"Measure for Measure and the Gospels" by G. Wilson Knight …
Measure for Measure
and the Gospels" by G. Wilson Knight
Matthew 6:12 "Forgive us our debt as we forgive our debtors"
Play is gospel in itself.
In play: "Heaven doth with us as we with torches." - Duke/torch metaphor --> Parallels to Matthew 5:14: "men light a candle...and it giveth light to all those in the house."
Knight argues Angelo does not "know himself."
Angelo pursues lust without any sense of wrongdoing. = irony
Matthew: "Thou shall not commit adultery...whoever looks on a woman with lust after her has committed adultery with her already in his heart."
Knight argues that the Duke becomes the embodiment of the Bard himself in that he directs the plot and plan of the play.
Compares the Duke to Jesus Christ, "prophet of the new order of ethics.":
Duke = Jesus-like in his treatment of Claudio since he focuses on his life and salvation rather than his death.
"Seeking death, find life.; let it come on." (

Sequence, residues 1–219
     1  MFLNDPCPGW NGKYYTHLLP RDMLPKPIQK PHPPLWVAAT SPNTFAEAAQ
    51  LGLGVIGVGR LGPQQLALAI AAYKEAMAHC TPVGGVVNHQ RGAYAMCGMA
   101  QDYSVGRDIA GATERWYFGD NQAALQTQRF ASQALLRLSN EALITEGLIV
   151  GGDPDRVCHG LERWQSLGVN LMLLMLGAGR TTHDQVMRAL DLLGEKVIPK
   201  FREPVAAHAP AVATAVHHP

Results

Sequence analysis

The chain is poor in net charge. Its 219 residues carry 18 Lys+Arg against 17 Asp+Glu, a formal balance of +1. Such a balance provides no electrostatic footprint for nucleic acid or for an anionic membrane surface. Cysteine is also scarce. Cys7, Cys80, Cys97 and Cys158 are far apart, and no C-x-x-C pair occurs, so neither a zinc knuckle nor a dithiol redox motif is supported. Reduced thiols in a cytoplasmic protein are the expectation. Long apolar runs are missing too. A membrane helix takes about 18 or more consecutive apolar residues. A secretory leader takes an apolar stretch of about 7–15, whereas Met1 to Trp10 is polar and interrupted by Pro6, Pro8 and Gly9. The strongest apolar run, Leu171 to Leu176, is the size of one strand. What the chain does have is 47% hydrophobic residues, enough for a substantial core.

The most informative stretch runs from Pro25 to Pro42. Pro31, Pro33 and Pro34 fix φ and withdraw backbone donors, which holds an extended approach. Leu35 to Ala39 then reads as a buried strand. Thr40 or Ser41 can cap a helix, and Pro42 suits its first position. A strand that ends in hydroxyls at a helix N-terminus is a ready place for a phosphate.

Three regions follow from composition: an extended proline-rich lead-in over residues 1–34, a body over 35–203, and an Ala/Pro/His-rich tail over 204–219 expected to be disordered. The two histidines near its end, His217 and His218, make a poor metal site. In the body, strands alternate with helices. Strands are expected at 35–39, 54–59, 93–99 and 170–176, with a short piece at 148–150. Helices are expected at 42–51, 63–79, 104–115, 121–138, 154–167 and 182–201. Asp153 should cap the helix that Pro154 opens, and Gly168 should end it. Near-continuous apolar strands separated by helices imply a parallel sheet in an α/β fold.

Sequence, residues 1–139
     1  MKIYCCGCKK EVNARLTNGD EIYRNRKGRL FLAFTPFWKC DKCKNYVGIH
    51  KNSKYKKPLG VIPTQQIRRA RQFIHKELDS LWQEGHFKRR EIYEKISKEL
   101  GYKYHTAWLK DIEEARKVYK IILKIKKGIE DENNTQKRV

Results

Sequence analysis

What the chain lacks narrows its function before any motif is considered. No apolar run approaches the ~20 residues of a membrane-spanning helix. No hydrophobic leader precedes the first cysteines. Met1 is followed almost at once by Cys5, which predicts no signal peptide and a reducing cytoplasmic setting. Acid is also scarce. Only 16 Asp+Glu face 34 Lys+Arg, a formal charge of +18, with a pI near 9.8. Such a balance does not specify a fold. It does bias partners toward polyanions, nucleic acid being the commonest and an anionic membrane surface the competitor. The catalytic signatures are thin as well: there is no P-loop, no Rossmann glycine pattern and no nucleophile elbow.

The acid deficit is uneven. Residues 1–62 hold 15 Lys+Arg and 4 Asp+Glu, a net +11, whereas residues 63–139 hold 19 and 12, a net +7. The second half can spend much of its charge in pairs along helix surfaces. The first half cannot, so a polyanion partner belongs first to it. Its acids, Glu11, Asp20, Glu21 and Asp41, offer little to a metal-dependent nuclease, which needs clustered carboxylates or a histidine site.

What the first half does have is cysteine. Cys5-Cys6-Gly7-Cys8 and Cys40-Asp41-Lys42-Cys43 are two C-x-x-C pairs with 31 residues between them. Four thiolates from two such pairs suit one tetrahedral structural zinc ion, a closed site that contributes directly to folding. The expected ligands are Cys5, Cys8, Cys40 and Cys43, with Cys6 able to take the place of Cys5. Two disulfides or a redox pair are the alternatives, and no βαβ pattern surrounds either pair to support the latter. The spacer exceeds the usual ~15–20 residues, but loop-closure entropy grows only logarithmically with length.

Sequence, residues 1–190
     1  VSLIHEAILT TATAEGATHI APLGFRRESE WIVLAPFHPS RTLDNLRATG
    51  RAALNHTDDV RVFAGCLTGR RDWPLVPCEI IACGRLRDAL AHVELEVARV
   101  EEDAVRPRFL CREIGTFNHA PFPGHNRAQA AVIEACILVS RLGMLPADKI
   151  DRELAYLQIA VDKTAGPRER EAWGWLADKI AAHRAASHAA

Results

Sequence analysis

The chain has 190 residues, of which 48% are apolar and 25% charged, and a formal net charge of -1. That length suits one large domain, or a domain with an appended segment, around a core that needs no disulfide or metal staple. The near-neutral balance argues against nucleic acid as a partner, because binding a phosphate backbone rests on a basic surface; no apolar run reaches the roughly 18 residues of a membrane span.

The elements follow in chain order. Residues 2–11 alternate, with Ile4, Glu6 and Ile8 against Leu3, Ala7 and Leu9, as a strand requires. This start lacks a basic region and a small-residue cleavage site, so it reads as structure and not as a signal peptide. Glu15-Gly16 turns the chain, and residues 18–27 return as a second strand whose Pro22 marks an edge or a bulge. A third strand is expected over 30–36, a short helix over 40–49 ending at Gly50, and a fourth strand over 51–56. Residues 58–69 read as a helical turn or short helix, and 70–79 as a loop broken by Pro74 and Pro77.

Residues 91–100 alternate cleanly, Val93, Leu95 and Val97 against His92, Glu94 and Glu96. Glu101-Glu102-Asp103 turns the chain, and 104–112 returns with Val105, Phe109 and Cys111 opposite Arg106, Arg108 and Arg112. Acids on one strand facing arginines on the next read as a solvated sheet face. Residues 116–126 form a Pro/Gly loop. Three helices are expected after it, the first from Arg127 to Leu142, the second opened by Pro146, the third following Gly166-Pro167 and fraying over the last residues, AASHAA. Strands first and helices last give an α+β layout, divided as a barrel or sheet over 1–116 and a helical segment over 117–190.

Lucio says, "Your brother his lover has embraced." - He urges Isabella to come to her brother's defense.
He argues, therefore, that Isabella does NOT care about her brother; she only cares about her sanctity.
She even prays for her brother's death!
He contends that chastity is neither a sin nor a virtue. This starkly contrasts with Baines's argument that Isabella's chastity is her power.
Humanity is ultimately revealed
"Human virtue does not flower in only high places..."
"The Duke has no delusions in the virtues of man."
Marriages at end are purposeful: "men restored to proper level."
Isabella is concerned merely with HER OWN chastity--not chastity in general. After all, she is fine with Mariana giving up her body to Angelo...
1 more item...
Focuses on Angelo's hypocrisy --> arrogant, prideful.
Angelo to Escalus: "'Tis one thing to be tempted, another to fall."
His sudden throwing into authority = reason
Angelo does not know himself, for "temptation overthrows his virtue."
Angelo's falling for Isabella comes from her purity; thus, he rationalizes that being tempted by her is not that bad...
Good and evil are flipped...
Lucio exists because of the society of self-deception.
Everyone is forgiven except Lucio for he is not truly sorry...
Tillyard argues the opposite: "Lucio is the lightest figure...who keeps the play from falling apart" and he almost "eludes control."